Journal: Langmuir (2020)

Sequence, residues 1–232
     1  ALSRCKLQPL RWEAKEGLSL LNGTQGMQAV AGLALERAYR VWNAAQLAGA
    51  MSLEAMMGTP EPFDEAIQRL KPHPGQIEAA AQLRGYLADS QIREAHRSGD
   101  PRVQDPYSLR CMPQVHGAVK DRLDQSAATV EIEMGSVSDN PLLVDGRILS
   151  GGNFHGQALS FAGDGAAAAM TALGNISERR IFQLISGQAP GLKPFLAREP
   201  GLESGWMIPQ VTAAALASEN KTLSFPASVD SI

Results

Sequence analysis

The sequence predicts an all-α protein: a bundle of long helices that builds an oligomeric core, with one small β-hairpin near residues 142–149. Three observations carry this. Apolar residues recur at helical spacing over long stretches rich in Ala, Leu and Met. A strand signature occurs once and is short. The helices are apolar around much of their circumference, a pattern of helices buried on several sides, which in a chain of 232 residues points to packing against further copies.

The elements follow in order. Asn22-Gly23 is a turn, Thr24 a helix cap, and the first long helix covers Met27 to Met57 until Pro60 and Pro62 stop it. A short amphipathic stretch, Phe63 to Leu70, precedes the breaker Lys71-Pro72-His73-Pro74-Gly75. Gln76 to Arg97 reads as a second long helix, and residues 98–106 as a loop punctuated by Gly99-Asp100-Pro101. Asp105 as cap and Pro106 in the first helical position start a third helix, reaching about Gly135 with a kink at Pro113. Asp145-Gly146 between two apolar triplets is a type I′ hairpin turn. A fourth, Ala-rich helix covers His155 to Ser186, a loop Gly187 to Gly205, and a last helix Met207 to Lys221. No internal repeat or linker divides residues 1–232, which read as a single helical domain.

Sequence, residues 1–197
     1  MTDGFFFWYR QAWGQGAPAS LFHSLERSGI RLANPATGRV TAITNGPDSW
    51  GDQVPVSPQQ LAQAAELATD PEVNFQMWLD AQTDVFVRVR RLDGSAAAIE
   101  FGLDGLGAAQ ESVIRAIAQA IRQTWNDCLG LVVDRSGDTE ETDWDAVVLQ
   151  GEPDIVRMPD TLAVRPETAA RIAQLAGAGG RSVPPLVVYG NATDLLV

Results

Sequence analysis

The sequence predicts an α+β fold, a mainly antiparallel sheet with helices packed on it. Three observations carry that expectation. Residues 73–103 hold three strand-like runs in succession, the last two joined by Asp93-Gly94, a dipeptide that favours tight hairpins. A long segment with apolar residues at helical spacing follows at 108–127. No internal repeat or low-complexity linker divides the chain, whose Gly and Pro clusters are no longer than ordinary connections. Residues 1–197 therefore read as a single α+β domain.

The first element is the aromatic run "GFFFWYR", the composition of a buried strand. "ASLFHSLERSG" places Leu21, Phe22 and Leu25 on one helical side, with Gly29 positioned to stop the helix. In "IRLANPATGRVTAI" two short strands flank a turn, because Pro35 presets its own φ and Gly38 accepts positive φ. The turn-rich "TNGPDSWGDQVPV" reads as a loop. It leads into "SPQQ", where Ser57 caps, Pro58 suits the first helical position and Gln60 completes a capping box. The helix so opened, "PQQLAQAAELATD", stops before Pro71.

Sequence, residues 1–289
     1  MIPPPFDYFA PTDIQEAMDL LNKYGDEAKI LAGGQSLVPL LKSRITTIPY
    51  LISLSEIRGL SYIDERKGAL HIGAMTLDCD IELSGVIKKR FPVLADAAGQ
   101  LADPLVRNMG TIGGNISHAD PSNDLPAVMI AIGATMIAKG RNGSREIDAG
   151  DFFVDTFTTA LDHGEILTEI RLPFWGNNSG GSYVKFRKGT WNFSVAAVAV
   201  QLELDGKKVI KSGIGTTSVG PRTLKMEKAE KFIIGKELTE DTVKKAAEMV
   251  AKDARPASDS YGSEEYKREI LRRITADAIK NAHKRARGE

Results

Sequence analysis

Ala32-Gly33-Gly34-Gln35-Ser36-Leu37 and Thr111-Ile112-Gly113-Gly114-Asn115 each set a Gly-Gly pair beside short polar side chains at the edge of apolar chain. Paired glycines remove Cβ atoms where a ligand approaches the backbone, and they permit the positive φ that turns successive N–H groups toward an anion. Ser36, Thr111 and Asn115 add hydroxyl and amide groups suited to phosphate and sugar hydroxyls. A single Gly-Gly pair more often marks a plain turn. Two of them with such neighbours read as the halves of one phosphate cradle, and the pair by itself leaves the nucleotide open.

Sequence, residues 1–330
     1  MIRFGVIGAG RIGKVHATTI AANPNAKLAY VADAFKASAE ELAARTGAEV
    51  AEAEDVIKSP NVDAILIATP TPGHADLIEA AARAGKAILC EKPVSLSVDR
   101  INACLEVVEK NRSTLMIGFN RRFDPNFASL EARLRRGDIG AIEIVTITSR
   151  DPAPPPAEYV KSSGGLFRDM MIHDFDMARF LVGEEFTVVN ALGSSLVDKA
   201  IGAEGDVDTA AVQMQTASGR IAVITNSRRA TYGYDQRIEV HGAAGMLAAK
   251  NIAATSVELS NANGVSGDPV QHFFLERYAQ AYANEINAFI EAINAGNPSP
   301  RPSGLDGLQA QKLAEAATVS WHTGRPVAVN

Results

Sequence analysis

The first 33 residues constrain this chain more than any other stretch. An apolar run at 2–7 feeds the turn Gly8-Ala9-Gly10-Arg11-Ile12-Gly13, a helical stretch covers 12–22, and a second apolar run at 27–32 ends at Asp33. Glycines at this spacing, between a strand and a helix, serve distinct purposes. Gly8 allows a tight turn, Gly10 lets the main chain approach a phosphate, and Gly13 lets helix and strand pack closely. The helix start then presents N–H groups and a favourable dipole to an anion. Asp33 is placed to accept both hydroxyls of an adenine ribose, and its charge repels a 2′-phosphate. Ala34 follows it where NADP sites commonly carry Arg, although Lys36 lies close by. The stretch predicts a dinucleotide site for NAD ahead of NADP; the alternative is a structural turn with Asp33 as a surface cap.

The transformation of a molecularly complex and irregularly shaped lignin into a nanoscale spherical architecture is anticipated to play a pivotal role in the promotion of lignin valorization. From the standpoint of using colloidal lignin particles (CLPs) as building blocks for a diverse range of applications, it has become essential to study their interactions with soluble compounds of varied origin. However, the lack of model films with well-defined surface properties similar to those of CLPs has hindered fundamental studies using surface-sensitive techniques. Here, we report well-defined and stable thin films prepared from CLPs and demonstrate their suitability for investigation of surface phenomena. Direct adsorption on substrates coated with a cationic anchoring polymer resulted in uniform distribution of CLPs as shown with atomic force microscopy (AFM). Quartz crystal microbalance with dissipation monitoring (QCM-D) experiments revealed higher adsorbed mass of cationic lignin onto the CLP-coated substrate in comparison to the film prepared from dissolved lignin, suggesting preferential adsorption via the carboxylic acid enriched surfaces of CLPs. QCM-D further enabled detection of small changes such as particle swelling or partial dissolution not detectable via bulk methods such as light scattering. The CLP thin films remained stable until pH 8 and displayed only a low degree of swelling. Increasing the pH to 10 led to some instability, but their spherical geometry remained intact until complete dissolution was observed at pH 12. Particles prepared from aqueous acetone or aqueous tetrahydrofuran solution followed similar trends regarding adsorption, pH stability, and wetting, although the particle size affected the magnitude of adsorption. Overall, our results present a practical way to prepare well-defined CLP thin films that will be useful not only for fundamental studies but also as a platform for testing stability and interactions of lignin nanoparticles with materials of technical and biomedical relevance.